It should be noted that aside from mitophagy, PINK1 and Parkin have also been involved in additional modes of mitochondrial turnover that may also be relevant for PD. For example, PINK1/Parkin-mediated proteasomal turnover of OMM proteins in Drosophila not only stimulates mitophagy, but also promotes the selective turnover of a subset of mitochondrial electron transport chain subunits [58]. Additionally, in mammalian cells, the PINK1/Parkin pathway has been involved in the generation of mitochondria-derived vesicles (MDVs) in response to oxidative stress, triggered by uncouplers such as CCCP or oligomycin and antimycin A, which are selectively delivered to late endosomes/lysosomes independently of the mitophagy pathway [59,60]. In a more physiological setting, heat stress in PINK1 knockout primary bone-marrow-derived macrophages increases the mitochondrial antigen presentation (MitAP) of 2-oxoglutarate dehydrogenase through MDVs [61]. Of importance to PD, it was recently shown that intestinal bacterial infection in PINK1 knockout mice induced MitAP and provoked a CD8+ T cell infiltration into the brain that lead to reduced DA neuron axon varicosities and motor impairments [62]. These data highlight a potential cross-talk between mitochondrial quality control and autoimmune mechanisms in the aetiology of PD, an area where LRRK2 has also been implicated [63].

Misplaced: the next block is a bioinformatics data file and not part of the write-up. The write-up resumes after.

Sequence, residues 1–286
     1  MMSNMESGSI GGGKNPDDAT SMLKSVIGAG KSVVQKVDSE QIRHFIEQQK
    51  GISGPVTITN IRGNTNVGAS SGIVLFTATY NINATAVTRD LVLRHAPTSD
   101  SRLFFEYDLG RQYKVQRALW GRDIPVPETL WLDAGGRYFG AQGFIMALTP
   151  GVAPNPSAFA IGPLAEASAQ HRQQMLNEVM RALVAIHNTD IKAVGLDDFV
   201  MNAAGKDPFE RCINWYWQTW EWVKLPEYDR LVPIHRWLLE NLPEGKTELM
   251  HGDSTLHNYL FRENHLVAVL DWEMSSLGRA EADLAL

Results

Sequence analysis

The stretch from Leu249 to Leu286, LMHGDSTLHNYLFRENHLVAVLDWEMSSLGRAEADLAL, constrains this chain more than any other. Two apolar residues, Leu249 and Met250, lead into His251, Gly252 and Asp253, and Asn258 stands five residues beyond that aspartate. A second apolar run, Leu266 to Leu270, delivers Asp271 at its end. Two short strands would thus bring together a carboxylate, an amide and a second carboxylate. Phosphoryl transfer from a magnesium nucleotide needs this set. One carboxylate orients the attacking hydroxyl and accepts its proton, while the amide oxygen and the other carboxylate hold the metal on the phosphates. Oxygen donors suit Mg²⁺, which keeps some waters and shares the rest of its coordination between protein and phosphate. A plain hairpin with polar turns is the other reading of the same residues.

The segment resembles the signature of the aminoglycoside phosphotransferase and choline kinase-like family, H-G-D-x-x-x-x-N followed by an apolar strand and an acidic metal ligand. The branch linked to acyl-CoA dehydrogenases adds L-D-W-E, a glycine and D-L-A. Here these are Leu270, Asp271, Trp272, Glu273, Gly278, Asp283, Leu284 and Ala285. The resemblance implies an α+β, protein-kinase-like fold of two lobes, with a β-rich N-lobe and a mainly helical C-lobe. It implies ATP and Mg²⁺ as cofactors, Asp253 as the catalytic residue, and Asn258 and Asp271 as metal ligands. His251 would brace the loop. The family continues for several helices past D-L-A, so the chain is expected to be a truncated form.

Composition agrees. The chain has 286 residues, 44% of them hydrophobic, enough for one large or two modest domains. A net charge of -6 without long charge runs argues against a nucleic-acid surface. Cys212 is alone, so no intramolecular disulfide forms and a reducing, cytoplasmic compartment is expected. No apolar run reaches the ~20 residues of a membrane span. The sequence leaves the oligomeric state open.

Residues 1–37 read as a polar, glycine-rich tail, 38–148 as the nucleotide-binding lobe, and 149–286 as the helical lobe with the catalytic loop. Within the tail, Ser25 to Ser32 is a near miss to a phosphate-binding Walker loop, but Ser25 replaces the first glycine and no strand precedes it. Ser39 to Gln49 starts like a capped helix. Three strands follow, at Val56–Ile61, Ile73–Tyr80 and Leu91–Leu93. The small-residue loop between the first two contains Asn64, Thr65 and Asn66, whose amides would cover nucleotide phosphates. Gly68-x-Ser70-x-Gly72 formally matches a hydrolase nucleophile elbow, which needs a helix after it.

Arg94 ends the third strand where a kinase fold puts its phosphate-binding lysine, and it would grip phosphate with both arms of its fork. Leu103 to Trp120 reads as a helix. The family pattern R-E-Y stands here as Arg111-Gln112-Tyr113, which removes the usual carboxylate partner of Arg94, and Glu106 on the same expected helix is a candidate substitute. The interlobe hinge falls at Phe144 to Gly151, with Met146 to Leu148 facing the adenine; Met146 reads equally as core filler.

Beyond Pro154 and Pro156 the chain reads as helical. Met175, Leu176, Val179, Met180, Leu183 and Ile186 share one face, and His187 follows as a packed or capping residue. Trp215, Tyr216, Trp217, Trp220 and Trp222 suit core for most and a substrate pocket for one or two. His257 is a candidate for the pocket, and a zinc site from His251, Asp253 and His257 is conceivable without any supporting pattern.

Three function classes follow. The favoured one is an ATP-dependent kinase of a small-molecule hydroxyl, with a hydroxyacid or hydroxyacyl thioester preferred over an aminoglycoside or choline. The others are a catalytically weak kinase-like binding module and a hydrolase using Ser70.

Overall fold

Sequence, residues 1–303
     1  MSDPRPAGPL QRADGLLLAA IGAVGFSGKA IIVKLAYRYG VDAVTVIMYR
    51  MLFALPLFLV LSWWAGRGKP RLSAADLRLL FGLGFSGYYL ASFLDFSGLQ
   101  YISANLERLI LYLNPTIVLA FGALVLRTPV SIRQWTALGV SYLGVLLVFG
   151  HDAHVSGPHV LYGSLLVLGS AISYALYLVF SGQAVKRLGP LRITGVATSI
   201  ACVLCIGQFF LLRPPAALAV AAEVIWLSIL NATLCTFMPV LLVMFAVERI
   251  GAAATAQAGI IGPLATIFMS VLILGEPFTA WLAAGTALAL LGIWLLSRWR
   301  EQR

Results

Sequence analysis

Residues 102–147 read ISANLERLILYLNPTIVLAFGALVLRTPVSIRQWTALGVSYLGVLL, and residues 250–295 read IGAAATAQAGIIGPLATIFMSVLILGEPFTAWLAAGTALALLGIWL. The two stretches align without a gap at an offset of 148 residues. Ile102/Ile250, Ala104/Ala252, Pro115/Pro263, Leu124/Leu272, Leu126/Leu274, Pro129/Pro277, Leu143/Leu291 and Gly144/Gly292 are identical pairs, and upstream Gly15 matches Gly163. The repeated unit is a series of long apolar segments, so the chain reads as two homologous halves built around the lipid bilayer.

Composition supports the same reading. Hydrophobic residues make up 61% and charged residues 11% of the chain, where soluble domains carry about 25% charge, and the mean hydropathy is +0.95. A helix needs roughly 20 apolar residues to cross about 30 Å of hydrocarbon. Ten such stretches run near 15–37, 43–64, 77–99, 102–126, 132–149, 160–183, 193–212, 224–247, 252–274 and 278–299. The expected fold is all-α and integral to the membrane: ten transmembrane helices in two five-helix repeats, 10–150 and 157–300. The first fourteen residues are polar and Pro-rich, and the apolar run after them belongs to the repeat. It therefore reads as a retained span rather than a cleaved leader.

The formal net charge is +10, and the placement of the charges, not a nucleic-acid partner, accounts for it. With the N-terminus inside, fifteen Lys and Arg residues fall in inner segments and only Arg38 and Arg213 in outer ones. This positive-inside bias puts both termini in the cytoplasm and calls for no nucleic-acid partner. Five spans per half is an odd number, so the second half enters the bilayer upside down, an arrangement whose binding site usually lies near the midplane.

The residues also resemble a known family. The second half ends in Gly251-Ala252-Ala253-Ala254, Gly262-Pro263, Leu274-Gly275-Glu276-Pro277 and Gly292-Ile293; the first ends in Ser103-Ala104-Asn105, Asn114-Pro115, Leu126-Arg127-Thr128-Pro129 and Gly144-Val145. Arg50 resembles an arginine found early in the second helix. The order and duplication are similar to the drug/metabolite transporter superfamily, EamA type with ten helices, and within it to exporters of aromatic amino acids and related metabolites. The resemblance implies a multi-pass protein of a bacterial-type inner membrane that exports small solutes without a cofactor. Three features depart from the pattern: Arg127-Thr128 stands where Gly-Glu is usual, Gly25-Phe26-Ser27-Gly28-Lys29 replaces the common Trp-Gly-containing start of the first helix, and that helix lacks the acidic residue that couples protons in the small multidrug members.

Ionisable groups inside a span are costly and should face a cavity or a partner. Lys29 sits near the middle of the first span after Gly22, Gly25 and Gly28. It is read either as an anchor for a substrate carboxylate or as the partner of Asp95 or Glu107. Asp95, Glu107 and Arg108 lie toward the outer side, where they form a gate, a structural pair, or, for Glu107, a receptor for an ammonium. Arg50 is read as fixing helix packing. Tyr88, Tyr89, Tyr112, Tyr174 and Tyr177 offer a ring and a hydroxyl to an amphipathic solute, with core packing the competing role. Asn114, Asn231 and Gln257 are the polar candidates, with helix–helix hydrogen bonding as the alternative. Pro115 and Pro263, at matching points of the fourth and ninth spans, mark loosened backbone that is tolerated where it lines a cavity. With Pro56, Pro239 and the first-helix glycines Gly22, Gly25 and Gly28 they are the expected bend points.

Despite PINK1 and Parkin dominating the mitophagy field, other genes involved in PD have recently been described that influence mitochondria and mitophagy (see Figure 1). Mutations in DJ-1, encoded by the PARK7 gene, cause recessive forms of PD [64] and it acts as a redox sensor that localises to mitochondria [7]. Oxidation of DJ-1 on Cysteine 106 leads to its translocation into the nucleus where it functions as a transcriptional co-activator and corepressor [65,66] (Figure 1 — mitochondrial stress). Notably, it positively regulates the expression of tyrosine hydroxylase, the enzyme responsible for the conversion of tyrosine to L-DOPA, and it also regulates the expression of NRF2, a master regulator of the anti-oxidative stress response [65]. In vitro, DJ-1 showed a methylglyoxal-adduct hydrolase activity, which could protect low-molecular thiols such as Coenzyme A, highlighting its role in redox homeostasis [67]. Although the localisation of this protein is controversial, pathogenic DJ-1 mutants have been reported to translocate from the cytosol to the mitochondrial matrix in vitro [68]. Also, DJ-1 deficiency is associated with the age-dependant relocalisation of OMM hexokinase 1 to the cytosol, which in turn inhibits the PINK1/Parkin pathway [69]. Importantly, loss of DJ-1 leads to oxidative stress within the cell, mitochondrial fragmentation, and potentially impaired mitophagy [64,70].